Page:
The U.S. Food and Drug Administration (FDA) announced their participation in the tenth annual Operation Pangea, an international week-long action organized by Interpol that works to tackle the sale of counterfeit and illicit medicines online. The Washington Post reported that this year’s action from September 12 to 19 involved 197 police, customs, and health regulatory officials from 123 countries, led to 400 arrests worldwide and the seizure of more than $51million worth of dangerous medicines.
One of the FDA’s primary goals for the week was to take action against more than 500 websites that illegally sold unapproved and potentially dangerous versions of prescription drugs to American consumers, including antibiotics, opioids, and injectable epinephrine. The FDA issued warning letters to the operators of most of the illegal websites and confiscated nearly 100 websites with names such as buyhydrocodoneonline.com, canadian-pharmacy24x7.com, and buyklonopin.com.
The letters were issued to online pharmacy affiliate programs, which are business enterprises utilizing a variety of websites to sell to patients as if they were all independent pharmacies, but are instead front organizations for the same mass unapproved drug seller. As well as using a variety of websites as front “stores” the affiliate programs also use botnets to send mass emails. One of the programs addressed in the letters, GlavMed, is a notorious affiliate network associated with the Win32.Kelihos.b trojan, which was used to distribute spam via unsuspecting infected computers. In addition to being a business that promotes itself by a infecting computer, according to the New York Times, GlavMed is also infamous for its suspected founder, Igor Gusev, who allegedly operated a sister entity, SpamIt.com, which “directed traffic to various sites operating under the name Canadian Pharmacy.”
The New York Times reported in 2010, that computer security researchers “conjectured that spamming gangs have sometimes been co-opted by the intelligence agencies in Russia, which provide cover for the spamming activities in exchange for the criminals’ expertise or for allowing their networks of virus-infected computers to be used for political purposes — to crash dissident Web sites, for example, or to foster attacks on foreign adversaries.”
The FDA’s letter to GlavMed listed 29 websites operated by them that were selling unapproved or misbranded drugs. Examples cited in the letter were the sale of oral chloramphenicol, a drug that was pulled from the U.S. market due to serious and potentially life-threatening side effects, and roxithromycin, which the website stated could be “used for treating several different infections, including some STDs, upper and lower respiratory tract infections and asthma, gum infections like gingivitis, and bacterial infections associated with stomach and intestinal ulcers.” Roxithromycin is not nor has it ever been approved for any of these treatment uses.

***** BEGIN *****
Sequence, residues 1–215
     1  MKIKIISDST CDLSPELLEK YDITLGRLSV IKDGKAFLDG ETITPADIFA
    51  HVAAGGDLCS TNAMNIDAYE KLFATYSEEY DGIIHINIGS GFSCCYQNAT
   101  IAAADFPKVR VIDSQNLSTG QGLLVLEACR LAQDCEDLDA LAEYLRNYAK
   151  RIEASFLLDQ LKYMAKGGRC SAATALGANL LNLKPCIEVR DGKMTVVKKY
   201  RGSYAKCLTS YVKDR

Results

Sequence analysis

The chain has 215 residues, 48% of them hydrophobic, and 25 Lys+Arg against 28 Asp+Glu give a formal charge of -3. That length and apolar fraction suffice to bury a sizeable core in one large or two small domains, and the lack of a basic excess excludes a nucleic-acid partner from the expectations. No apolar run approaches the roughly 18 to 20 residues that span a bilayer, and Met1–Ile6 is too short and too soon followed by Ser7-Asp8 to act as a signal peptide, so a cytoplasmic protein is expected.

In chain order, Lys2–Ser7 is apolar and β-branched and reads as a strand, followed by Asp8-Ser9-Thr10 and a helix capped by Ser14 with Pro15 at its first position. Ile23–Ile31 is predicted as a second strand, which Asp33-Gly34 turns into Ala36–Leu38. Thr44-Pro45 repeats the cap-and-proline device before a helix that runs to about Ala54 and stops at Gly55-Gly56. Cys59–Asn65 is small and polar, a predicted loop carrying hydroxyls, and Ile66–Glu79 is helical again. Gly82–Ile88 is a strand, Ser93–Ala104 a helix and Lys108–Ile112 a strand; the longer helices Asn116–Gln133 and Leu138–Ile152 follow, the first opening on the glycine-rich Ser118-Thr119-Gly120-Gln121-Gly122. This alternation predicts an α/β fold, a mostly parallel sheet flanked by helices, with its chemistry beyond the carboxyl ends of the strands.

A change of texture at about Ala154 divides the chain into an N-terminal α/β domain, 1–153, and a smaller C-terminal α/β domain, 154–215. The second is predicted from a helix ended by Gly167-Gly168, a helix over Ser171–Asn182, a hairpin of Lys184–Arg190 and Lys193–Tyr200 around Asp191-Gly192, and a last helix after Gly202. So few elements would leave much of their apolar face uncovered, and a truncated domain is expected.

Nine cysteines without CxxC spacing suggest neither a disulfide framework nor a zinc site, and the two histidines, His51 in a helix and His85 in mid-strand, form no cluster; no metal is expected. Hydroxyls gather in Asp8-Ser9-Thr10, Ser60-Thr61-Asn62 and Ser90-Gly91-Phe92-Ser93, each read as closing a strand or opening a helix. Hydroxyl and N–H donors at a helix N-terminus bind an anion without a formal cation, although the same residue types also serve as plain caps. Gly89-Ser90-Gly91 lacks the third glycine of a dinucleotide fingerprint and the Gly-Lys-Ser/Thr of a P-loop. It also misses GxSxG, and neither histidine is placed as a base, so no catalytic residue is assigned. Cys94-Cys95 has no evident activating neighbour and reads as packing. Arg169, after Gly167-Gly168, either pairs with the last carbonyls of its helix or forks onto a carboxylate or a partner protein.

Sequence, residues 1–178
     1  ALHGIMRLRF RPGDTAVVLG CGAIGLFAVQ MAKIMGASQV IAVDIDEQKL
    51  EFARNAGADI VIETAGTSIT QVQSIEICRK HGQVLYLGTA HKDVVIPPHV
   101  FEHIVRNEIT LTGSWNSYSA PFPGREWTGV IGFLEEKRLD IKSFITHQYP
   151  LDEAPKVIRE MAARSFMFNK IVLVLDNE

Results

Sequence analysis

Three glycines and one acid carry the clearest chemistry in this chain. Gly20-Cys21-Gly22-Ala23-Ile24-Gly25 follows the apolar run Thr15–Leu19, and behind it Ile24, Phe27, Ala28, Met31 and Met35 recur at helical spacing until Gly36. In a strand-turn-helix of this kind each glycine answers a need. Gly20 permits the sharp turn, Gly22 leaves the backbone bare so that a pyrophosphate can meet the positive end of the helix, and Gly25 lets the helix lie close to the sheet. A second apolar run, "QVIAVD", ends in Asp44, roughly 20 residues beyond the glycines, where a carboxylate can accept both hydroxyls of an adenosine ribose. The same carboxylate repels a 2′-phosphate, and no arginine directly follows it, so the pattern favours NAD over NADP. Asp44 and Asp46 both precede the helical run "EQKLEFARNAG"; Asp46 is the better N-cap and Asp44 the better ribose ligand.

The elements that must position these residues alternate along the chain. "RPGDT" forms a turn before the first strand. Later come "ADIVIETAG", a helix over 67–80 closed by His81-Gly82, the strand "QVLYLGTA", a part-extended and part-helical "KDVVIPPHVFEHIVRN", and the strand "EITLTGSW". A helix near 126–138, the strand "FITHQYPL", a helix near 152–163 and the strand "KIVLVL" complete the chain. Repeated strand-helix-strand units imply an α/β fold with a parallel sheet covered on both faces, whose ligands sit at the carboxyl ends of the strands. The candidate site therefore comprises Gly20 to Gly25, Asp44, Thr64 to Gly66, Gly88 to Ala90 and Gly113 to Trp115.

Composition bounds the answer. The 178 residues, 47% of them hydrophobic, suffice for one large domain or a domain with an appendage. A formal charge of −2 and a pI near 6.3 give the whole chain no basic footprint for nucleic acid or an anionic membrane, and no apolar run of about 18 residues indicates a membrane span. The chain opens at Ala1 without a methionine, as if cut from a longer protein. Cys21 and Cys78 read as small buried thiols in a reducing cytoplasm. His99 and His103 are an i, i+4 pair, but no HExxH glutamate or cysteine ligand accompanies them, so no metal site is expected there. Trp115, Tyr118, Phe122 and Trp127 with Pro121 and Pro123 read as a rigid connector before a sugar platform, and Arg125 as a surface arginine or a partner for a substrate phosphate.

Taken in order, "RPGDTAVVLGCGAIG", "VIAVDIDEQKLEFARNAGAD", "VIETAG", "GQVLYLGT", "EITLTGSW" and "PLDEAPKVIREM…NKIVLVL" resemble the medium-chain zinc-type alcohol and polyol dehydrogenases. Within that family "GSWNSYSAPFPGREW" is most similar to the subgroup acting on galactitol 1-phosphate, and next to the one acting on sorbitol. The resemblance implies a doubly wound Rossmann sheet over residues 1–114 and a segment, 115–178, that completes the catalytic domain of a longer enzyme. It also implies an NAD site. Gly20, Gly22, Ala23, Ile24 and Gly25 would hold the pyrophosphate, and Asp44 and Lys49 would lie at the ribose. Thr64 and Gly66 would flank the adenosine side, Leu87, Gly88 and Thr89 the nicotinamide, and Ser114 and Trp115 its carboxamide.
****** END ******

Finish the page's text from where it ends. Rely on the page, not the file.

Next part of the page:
FDA Commissioner Scott Gottlieb, M.D. said, “These rogue online pharmacies are often run by sophisticated criminal networks that knowingly and unlawfully distribute illicit drugs, including counterfeit medicines and controlled substances. Consumers go to these websites believing that they are buying safe and effective medications, but they are being deceived and put at risk by individuals who put financial gains above patient safety.” On top of health risks, illegal online pharmacies can expose consumers to financial risks such as credit card fraud and identity. The FDA encourages consumers to report suspected criminal activity to the FDA’s Office of Criminal Investigation.
The FDA and other federal agencies collaborated in screening packages at International Mail Facilities (IMG) in Chicago, Miami, and New York for illegal drug products. Nearly 500 packages were detained for follow-up. Packages found to be in violation of the Federal Food, Drug, and Cosmetic Act will be refused entry into the country. Commissioner Gottlieb said the FDA was proud to be part of the operation, but that there is still much work to do. “In addition to the multifaceted work plan we will soon unveil, we’ve recently tripled the staff we have in the IMFs to improve our ability to inspect packages that are suspected of containing illegal drugs, and we have doubled the number of cybercrime and port of entry special agents for the Office of Criminal Investigations. These efforts are part of a much broader work plan that the FDA is developing aimed at beefing up our efforts to interdict illegal drugs.”